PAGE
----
July witnessed unfortunate human rights violations in the Middle East and North Africa (MENA) that threatened the lives of innocent civilians and restricted the public freedoms of individuals, institutions, and journalistic work.
For instance, the Moroccan authorities continued to crack down on journalists and activists and sentenced three people to several years of imprisonment.
In Syria, the government forces imposed a siege on Daraa al-Balad, threatening to starve thousands of Syrian civilians.
In Iraq, fire incidents repeated in government hospitals, as a fire in Al-Hussein Hospital caused the death of more than 85 Iraqis.
In Tunisia, Tunisian President Kais Saied announced the dissolution of the government and the suspension of parliament, in a clear attack on democracy and the right of the Tunisian people to choose their representatives.
Nevertheless, despite the continuous violations, it is crucial to recognize the small steps that, in the long term, will bring considerable improvements towards ending infringements and the redress of victims.
In July, our team worked alongside partner organizations to bring real change in ceasing violations and attacks on fundamental freedoms in both the MENA region and Europe. Now, to our delight, we can deliver some great news about those achievements.
On July 9, the Saudi authorities released Saudi economist Abdul Aziz Al-Dakhil, after arresting him in April 2020 for exercising his right to freedom of expression through social media platforms.
Euro-Med Monitor had carried out a large-scale campaign of pressure and advocacy, in partnership with human rights defenders and academics, to shed light on the issue and urge the Saudi authorities to release him. The campaign included several activities, including sending a letter, signed by about 23 prominent academics from around the world, to the Saudi authorities, and organizing a webinar where rights experts from different countries discussed Al-Dakhil’s detention conditions and the legality of his arrest.
On July 24, Iraqi Prime Minister Mustafa al-Kadhimi announced the arrest of the perpetrators of the suicide attack in Sadr City, east of Baghdad, which killed 30 people and wounded more than 50 others.
Since the incident, Euro-Med Monitor, along with partner organizations, has called on the Iraqi authorities to open an immediate and serious investigation to apprehend and hold the perpetrators accountable, in an important step towards achieving justice and ending the state of impunity.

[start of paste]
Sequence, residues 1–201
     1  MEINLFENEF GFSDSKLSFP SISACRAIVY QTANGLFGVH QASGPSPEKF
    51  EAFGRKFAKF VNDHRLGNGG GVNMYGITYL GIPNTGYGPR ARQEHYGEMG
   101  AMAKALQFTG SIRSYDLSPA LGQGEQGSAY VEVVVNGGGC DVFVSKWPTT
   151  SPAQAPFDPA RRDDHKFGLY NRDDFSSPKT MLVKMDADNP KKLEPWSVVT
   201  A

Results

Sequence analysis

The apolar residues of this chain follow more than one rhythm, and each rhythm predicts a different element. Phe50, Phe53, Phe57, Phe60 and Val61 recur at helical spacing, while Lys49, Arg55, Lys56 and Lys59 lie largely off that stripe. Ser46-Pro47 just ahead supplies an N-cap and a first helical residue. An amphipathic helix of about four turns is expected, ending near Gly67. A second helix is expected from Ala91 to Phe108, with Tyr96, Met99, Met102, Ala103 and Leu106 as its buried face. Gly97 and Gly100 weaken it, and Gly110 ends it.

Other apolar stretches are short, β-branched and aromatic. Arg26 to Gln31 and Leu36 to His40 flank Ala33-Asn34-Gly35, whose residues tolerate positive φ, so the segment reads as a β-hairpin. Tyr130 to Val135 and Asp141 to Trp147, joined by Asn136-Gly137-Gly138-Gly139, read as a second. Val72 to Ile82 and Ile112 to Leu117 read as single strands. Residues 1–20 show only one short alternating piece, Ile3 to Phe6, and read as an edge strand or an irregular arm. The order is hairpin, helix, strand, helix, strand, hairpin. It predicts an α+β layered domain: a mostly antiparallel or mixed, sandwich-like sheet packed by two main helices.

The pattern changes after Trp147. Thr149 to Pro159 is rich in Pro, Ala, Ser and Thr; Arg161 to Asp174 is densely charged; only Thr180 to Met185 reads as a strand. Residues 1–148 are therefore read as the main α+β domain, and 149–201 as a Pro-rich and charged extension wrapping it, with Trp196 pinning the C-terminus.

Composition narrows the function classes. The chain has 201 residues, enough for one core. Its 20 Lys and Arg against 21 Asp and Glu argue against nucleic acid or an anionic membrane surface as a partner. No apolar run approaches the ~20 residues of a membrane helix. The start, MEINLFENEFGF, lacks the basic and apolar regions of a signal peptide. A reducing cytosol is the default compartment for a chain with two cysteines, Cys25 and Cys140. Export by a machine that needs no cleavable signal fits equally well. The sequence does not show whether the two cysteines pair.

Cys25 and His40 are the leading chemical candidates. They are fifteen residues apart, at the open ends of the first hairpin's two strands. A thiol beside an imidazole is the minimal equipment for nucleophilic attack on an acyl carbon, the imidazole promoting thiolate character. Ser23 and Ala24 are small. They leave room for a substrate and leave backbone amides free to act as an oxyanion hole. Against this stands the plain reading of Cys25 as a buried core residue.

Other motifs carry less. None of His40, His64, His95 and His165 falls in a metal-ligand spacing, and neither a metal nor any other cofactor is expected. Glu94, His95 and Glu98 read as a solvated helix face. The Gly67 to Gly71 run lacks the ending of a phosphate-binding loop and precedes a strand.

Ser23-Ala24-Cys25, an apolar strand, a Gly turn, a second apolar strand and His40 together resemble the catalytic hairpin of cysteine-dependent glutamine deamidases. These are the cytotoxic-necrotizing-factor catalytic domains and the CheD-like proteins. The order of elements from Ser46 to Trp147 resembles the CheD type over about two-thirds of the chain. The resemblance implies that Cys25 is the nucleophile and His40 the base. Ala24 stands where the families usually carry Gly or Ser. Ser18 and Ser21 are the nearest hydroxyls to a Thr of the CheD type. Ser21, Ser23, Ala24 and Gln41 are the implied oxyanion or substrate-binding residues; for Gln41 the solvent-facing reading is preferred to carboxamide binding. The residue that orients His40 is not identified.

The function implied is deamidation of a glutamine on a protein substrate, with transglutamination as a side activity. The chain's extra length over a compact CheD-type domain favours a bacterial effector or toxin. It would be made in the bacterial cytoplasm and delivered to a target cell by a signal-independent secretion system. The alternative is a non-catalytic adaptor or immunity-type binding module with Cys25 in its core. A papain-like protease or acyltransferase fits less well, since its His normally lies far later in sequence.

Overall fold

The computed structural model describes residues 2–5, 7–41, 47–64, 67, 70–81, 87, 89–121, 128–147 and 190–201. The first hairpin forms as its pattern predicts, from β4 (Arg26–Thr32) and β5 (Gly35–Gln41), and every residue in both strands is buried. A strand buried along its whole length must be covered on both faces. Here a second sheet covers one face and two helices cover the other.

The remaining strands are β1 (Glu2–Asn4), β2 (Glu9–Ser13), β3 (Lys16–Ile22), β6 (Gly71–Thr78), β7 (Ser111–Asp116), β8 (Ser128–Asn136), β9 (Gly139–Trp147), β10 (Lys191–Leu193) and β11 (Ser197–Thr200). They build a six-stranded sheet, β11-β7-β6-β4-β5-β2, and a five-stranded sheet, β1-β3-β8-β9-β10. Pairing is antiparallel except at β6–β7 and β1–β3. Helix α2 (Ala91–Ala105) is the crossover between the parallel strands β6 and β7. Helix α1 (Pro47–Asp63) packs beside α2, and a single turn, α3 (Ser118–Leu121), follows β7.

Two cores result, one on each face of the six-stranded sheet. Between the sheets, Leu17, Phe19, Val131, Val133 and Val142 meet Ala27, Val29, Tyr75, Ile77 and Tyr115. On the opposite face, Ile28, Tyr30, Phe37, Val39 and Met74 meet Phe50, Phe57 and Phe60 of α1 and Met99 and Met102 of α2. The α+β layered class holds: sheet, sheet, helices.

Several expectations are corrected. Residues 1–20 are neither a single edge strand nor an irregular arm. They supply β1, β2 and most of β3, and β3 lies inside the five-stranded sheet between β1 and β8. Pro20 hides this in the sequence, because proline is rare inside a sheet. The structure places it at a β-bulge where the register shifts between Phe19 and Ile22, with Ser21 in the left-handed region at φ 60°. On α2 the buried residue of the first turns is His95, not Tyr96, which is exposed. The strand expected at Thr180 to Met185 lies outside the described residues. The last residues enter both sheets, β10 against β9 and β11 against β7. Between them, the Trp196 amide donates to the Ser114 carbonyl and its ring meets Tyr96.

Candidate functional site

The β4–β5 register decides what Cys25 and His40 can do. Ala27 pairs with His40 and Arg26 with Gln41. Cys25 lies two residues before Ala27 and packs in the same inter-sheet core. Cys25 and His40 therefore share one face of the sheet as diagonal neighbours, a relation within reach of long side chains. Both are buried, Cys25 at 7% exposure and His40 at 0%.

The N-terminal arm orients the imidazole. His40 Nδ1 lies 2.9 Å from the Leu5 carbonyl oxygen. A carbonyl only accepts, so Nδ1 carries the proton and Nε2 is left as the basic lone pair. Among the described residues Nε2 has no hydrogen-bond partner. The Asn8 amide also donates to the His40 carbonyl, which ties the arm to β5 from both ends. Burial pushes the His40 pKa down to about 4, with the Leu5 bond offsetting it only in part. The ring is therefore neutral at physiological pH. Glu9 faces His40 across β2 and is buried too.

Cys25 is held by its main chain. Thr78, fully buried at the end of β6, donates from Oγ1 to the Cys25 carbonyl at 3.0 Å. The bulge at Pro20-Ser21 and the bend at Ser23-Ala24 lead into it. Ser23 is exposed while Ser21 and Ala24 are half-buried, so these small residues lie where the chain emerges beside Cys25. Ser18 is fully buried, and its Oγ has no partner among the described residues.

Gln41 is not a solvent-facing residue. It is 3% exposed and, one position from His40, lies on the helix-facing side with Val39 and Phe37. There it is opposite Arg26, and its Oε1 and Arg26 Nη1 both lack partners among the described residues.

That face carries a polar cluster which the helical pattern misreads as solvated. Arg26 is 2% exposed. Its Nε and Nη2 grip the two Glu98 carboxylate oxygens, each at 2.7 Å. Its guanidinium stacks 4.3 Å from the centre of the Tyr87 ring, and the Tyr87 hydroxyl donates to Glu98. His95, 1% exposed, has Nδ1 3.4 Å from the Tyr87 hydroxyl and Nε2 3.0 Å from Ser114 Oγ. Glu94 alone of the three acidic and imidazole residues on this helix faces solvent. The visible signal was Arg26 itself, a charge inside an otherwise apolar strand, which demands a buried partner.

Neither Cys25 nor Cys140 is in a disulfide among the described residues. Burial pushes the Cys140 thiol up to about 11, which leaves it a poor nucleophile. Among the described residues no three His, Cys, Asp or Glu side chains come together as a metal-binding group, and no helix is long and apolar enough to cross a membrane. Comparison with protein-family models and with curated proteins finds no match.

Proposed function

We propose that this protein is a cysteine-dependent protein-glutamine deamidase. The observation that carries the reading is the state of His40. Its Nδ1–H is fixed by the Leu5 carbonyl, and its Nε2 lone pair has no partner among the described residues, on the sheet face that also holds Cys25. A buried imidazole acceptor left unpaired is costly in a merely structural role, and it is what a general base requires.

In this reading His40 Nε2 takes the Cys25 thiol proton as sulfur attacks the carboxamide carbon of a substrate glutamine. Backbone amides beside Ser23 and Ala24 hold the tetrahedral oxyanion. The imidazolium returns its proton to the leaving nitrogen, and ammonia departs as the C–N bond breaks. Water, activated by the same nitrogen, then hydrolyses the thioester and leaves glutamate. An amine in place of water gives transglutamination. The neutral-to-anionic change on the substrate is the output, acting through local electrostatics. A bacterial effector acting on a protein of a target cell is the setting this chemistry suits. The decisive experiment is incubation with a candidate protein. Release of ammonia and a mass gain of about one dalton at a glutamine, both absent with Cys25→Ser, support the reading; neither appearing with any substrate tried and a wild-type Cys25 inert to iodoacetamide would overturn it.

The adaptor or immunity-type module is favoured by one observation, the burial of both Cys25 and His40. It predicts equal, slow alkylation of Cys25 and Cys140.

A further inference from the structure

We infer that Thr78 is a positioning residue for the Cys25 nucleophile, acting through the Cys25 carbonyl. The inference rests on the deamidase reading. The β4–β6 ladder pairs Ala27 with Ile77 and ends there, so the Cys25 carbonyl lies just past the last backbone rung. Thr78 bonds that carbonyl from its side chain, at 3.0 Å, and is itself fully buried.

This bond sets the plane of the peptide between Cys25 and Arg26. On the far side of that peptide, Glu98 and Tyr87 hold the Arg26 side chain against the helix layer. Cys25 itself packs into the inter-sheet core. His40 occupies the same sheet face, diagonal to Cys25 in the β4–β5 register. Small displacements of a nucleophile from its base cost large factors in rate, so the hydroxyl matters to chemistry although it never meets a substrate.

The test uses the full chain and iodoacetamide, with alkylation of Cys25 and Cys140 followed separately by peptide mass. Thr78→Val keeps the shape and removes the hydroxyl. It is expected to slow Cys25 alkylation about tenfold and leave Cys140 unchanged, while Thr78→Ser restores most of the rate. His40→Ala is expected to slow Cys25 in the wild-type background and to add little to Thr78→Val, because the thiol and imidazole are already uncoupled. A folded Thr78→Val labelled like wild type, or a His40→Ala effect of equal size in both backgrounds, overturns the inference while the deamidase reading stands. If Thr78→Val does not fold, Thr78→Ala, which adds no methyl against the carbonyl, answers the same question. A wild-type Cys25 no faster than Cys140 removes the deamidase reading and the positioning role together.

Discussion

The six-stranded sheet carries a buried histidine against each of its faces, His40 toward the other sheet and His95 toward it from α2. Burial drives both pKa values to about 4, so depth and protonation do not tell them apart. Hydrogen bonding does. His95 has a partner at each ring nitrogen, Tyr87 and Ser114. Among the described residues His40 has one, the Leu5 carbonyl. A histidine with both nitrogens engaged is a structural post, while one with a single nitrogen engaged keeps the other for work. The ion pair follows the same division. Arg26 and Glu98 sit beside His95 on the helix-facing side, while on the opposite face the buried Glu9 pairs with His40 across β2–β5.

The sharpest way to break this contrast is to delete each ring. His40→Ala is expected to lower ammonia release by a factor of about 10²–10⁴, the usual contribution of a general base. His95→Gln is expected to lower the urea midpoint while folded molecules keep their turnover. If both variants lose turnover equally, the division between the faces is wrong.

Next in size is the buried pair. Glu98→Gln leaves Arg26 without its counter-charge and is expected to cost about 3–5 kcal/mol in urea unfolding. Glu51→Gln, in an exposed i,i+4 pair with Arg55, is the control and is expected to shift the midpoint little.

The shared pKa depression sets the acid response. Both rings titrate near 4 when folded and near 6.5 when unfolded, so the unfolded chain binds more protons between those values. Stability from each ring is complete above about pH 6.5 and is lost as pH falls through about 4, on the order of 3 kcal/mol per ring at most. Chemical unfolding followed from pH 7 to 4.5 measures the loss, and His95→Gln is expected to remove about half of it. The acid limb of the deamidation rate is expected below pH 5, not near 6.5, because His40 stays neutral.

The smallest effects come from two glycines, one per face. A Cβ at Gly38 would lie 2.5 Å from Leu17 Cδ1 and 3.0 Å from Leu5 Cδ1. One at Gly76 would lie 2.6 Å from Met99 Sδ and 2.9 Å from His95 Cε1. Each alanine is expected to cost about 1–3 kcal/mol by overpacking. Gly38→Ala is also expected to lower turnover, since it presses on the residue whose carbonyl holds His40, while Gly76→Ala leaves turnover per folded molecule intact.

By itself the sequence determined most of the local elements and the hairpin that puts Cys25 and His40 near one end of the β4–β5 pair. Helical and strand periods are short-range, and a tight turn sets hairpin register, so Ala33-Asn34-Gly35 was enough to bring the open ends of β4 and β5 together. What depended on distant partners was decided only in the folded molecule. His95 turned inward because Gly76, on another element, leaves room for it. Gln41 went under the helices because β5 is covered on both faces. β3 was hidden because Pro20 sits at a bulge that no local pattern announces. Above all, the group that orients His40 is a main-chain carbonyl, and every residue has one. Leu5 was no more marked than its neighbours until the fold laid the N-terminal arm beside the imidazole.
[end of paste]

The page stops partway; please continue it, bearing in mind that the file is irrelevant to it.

On July 30, French authorities transferred about 400 migrants, including families and unaccompanied minors, from a camp in Place Vosges in central Paris to shelters, just 24 hours after the camp was established.
Along with other human rights organizations, Euro-Med Monitor addressed the countries of the European Union to highlight the difficult conditions experienced by asylum seekers. We urged them to improve the conditions of asylum seekers, especially those living in overcrowded camps and reception centers that are unfit for a decent life, and to accommodate more asylum seekers and distribute the burdens among them.
The Yemeni government announced on July 24 it had ended the evacuation of nearly 600 Yemenis who had been stranded in India due to the COVID-19 outbreak.
Over the past months, Euro-Med Monitor has addressed the concerned Indian and Yemeni authorities to expedite a solution to the problem of Yemenis stranded in India, especially in light of the difficult conditions of the military conflict that Yemen is experiencing.
Along with our partners, our team has intensified its efforts to shed light on the issue and reveal the difficulties Yemenis are experiencing, especially in light of the ongoing war and the inability of many of them to return to their country.